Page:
by Amanda Higgin
On the last day of Summer Eights, Oriel’s first crew walks away from the river exhausted and a little disappointed. A couple of promising bumps in the first races were followed by a few uneventful row-overs, leaving them the fourth boat on the river. Close enough to take the headship next year, they joke, patting each other on the back and passing around the cava as they make their way to the celebratory dinner.
This is 1939, and there won’t be any racing next year or for the four years after that. The Isis is eerily silent every May until 1946, when Oriel’s first eight comes back with an all new crew and races just as they did before the war. We finished second on the river, unable to steal the headship from Trinity.
On the walls of the boathouse, there are charts of colour-coded lines showing the progress of all the men’s racing in Torpids and Summer Eights. While stretching, I noticed that one of the charts was missing a column. In 1914, Oriel’s grey striped line finishes seventh on the river, having bumped up an impressive five places; then the chart reads, in carefully drawn block capitals, ‘1915 TO 1919 NO RACING OWING TO WAR.’
It was the full stop that I noticed. It conveyed an appropriate sense of finality, but also a matter-of-fact tenacity. For five years the Isis was quiet when it should have echoed with the cheers of inebriated students, but in May 1920 everyone picked up where they left off. Magdalen took headship from fourth, Oriel climbed into fifth and Univ, who had been head of the river previously, took Oriel’s former spot in seventh. There can’t have been more than a couple of men there from the last time they raced, but Oxford University wouldn’t let something like the First World War change the rankings for Summer Eights. There was a gap, and then they resumed.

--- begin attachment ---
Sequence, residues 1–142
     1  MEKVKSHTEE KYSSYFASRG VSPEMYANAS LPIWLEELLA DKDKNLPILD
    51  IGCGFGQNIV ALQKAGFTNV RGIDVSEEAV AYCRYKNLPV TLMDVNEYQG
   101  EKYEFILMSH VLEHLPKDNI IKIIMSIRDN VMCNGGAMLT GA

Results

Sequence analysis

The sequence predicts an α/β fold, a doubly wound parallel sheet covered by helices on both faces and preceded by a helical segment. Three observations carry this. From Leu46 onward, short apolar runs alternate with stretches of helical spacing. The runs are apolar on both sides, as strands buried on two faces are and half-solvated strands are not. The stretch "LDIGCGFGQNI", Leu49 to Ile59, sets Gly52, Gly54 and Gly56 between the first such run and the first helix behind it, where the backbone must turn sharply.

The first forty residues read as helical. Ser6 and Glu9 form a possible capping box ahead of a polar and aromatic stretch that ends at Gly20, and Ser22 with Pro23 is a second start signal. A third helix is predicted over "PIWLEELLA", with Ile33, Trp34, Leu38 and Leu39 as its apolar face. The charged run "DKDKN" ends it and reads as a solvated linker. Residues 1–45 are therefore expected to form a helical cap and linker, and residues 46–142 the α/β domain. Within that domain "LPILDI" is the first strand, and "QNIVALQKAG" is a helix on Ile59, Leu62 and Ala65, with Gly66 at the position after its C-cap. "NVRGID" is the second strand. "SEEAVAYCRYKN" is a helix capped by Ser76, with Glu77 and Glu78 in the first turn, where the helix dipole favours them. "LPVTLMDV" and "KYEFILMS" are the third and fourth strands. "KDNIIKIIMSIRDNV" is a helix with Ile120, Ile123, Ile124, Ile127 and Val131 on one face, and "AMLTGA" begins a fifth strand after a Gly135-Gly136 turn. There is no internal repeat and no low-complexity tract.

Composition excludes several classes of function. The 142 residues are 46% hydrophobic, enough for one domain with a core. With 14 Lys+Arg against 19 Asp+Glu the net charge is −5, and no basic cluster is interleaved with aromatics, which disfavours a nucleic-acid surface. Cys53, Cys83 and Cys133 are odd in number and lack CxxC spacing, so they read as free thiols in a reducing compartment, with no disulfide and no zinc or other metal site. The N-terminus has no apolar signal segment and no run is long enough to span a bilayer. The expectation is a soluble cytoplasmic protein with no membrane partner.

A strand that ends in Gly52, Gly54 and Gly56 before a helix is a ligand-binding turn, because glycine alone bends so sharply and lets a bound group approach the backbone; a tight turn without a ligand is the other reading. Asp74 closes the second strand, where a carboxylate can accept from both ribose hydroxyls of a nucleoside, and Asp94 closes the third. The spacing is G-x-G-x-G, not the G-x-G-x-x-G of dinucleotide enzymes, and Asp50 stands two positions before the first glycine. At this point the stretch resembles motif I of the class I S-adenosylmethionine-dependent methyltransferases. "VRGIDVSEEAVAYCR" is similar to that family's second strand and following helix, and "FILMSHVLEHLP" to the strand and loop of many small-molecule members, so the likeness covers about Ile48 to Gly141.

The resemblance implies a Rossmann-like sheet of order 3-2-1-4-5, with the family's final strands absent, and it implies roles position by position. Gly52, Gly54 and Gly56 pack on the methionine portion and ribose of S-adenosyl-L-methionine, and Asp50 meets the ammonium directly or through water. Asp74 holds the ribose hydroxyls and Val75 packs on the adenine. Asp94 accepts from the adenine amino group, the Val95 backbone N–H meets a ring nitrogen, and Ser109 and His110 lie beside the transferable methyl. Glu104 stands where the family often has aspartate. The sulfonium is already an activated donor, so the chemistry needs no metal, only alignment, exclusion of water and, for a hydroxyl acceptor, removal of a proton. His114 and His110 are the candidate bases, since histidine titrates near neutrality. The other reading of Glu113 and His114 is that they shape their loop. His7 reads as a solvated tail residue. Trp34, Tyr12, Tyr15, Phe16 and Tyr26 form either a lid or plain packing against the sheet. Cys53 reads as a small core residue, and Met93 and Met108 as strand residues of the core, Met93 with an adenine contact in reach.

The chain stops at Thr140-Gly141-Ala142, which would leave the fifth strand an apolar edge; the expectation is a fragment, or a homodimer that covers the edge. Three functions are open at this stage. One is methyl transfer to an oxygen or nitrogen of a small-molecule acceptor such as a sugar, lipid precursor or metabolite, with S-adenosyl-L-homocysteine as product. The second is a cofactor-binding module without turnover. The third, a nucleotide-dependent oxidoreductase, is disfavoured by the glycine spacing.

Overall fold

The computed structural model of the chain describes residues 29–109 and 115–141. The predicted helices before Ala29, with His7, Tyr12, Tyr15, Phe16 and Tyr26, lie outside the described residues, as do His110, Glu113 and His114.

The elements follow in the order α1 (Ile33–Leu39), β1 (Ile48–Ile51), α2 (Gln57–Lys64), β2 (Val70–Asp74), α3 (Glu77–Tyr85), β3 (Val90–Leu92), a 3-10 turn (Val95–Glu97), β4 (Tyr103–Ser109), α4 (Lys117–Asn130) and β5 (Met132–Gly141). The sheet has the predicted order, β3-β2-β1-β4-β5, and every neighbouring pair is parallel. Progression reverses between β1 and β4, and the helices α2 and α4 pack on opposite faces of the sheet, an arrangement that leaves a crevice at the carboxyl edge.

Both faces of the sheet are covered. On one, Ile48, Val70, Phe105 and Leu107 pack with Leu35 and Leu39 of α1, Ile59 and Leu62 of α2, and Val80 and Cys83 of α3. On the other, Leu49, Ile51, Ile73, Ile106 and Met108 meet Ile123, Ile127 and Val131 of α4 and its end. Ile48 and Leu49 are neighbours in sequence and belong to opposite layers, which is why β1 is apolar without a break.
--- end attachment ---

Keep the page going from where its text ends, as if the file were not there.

Before All Soul’s Mass, I was scanning the list of organ scholars. Some of the names are brilliantly stereotypical: in 1965, David Michael Cochrane Elsworth Steen takes up the whole width of the list. There are 38 names in total, beginning in 1924, two of them female (shout out to Philippa Catherine Gower, 2002, and Tiffany Vong, 2011). The organ scholars’ list doesn’t announce it like the bumps chart does, but James Patrick Gerald Wise becomes organ scholar in 1939 and isn’t succeeded until Donald James Reid in 1948. I doubt James served in the chapel for eight years. The organ looks out over the chapel, and for years it regularly stood silent.
I don’t have a grand point to make here, but these little echoes of terrible calamity have struck me. One year cocky rowers competed for headship, the next the same men were losing their lives. In the regular cycle of scholars, James had no replacement; the man who might have taken his place was called away to a different kind of service. Their absence left a gap, as the trusty treadmill of tradition stopped still.
I have always found it difficult, when Remembrance Sunday and other such events come around, to comprehend not only the scale of those two almighty Wars but the reality of them. The horrors of a battlefield, an air raid or a gas chamber are wholly alien to me. But I can grasp the gaps in a bumps chart or in a list of scholars, and maybe grasp a little of what that silence means.